Where I got it and why: as a free ebook from Net Galley, courtesy of IDW Press, in exchange for a fair and honest review. Thanks, guys! I read about this in Peter S. Beagle’s newsletter, but I was waiting for the trade to actually pick it up; the comic book store that is okay with girls is out of my way, and I prefer to collect trades anyway.
Recommended? Oh god yes. This is gorgeous. And if you’re not familiar with the story, this would be a fantastic introduction.
Review: When I was a kid, there was a movie rental place across the street from my grandmother’s house. You went in the door, down a couple of steps, and turned left into the children’s area. There, under the picture window, on the second shelf from the top, was where the VHS of The Last Unicorn lived. I adored that movie, and I’m sure I contributed substantially to the demise of that poor videocassette. When I was a little older, I discovered the book, and I loved it even more. This is one of my favorite stories, all about myth and meaning and magic, so of course I was thrilled when they announced a graphic novel adaptation, and I am overjoyed to tell you that it is not disappointing.
The art, of course, is the real draw for a Last Unicorn comic book, and it’s spectacular. It does seem to be a little bit inspired by the movies – there’s a strong resemblance in the art for many characters, particularly the side characters who show up and then vanish again. Schmendrick looks much more like his description in the book than he does in the movie, which I like, but Molly looks younger, which I don’t. I do like the way the unicorn is inked in a reddish sepia rather than the black of everything else; it makes her stand out and glow (which I think is another trick they used in the movie, now I think of it). And then when the Red Bull arrives! The chapter two cover featuring Mommy Fortuna is my favorite, though. She’s always been one of my favorite characters, and the drawing of her with all these little charms and tiny figures tied in her hair is perfection.
The script owes much more to the book than to the movie. It features several more episodes from the book that I miss in the movie – Arachne the spider in Mommy Fortuna’s carnival, Schmendrick’s history, the princess attempting to summon a unicorn before her wedding, and most importantly, the village of Hagsgate. (I will never understand why they left Hagsgate out of the movie and put the bosomy tree in. Hagsgate has plot relevance, but that tree! — never mind.) Plot-wise, it’s a fairly loyal adaptation. There are places, though, where scenes are incredibly rushed, and I almost wish Gillis had left out some bits entirely rather than put them in and have them feel clumsy and extraneous. (Said tree, for example – not bosomy this time, but still unnecessary.)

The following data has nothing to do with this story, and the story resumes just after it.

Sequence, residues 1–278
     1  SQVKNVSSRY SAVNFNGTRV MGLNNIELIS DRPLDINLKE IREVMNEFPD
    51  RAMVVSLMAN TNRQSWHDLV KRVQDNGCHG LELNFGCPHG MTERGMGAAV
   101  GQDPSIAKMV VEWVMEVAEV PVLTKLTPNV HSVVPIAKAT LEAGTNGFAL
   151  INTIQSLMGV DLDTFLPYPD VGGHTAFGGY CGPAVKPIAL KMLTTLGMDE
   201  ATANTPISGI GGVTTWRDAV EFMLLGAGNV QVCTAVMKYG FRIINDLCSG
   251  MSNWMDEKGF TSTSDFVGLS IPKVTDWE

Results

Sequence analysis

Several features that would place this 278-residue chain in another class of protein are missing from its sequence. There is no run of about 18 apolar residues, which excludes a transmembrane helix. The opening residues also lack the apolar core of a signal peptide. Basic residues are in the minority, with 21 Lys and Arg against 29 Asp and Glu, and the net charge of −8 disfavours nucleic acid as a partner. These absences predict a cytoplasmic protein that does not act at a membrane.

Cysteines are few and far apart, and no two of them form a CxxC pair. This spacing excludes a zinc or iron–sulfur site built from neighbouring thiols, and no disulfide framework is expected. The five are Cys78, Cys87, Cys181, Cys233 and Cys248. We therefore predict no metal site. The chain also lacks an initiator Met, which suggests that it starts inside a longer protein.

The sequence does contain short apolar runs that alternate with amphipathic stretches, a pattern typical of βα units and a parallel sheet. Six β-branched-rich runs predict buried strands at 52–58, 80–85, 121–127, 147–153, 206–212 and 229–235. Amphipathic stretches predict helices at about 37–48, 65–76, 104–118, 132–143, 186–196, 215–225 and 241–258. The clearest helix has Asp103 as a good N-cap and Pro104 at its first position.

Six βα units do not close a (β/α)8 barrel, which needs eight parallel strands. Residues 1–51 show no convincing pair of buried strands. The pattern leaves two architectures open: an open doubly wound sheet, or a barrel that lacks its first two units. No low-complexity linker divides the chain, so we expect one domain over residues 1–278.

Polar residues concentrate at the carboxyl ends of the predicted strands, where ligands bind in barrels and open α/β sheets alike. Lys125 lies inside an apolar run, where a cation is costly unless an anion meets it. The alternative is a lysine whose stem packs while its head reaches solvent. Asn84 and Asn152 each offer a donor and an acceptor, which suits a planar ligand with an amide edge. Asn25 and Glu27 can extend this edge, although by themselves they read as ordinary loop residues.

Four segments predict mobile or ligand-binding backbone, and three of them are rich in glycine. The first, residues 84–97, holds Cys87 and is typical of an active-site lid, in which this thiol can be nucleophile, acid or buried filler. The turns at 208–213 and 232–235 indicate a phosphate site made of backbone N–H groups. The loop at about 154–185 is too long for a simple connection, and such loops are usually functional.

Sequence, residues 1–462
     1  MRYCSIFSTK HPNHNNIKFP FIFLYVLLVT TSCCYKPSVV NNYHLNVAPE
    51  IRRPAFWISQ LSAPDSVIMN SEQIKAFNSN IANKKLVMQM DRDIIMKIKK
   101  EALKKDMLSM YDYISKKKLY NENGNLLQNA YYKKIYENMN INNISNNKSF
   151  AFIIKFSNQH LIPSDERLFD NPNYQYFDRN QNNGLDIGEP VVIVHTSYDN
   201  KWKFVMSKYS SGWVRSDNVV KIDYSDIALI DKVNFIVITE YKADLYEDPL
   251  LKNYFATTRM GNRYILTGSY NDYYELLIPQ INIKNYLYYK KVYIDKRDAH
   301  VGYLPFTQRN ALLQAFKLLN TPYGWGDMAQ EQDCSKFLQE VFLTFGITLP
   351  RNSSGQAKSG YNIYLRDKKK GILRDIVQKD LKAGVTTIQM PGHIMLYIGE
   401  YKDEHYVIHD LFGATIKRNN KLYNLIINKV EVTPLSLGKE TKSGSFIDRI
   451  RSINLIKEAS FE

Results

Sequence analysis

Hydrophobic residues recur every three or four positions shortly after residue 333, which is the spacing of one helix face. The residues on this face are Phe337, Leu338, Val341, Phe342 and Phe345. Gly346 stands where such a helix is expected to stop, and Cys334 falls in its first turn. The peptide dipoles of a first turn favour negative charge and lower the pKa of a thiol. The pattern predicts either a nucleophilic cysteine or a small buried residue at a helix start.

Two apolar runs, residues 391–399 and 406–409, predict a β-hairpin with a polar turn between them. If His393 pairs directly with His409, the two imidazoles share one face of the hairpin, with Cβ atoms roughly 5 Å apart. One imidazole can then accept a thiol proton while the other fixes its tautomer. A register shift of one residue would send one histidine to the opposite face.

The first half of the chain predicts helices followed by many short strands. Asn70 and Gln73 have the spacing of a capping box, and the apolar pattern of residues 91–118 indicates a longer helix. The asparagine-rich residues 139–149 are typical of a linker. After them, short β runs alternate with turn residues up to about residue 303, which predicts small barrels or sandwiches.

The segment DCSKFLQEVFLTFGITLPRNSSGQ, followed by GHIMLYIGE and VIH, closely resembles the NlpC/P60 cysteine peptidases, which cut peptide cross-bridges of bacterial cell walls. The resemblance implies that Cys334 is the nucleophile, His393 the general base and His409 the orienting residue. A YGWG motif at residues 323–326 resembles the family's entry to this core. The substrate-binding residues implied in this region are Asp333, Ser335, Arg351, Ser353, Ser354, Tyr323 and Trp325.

While the movie will always have a fond place in my heart, and the book will always be the most spectacular, this incarnation of The Last Unicorn is a perfectly respectable edition. The art is always good, and sometimes breathtaking, and while there are flaws in the script it does seem to grasp the point of the book a little bit better than the movie does, and to bring some of the quality of heartache to it that the book does so well. If you’re a fan of The Last Unicorn already you’ll want to buy the hardcover for your collection (I know I will); if you’re unfamiliar with it, this is a wonderful place to start.
The Last Unicorn, an adaptation of the Peter S. Beagle novel by Peter Gillis, illustrated by Renae de Liz and Ray Dillon, was published in hardcover by IDW Press on January 25, 2011. Find it on: Goodreads,Indiebound, Publisher’s website
Stephen T. Asma, On Monsters
I picked this up while I was browsing the mythology section for faerie books. I didn’t find any, but I did find this, a history of the Western conception of monsters and monstrosity. It was interesting, but alas, not as good as I would have liked. I found by the end of the book that I was having to fill in the details of examples he was using from my own knowledge — not that the stories were wrong, per se, just drastically incomplete. This makes me distrust the earlier bits of the book where he was discussing things I didn’t know much about already. At least I acquired a nice long reading list from it.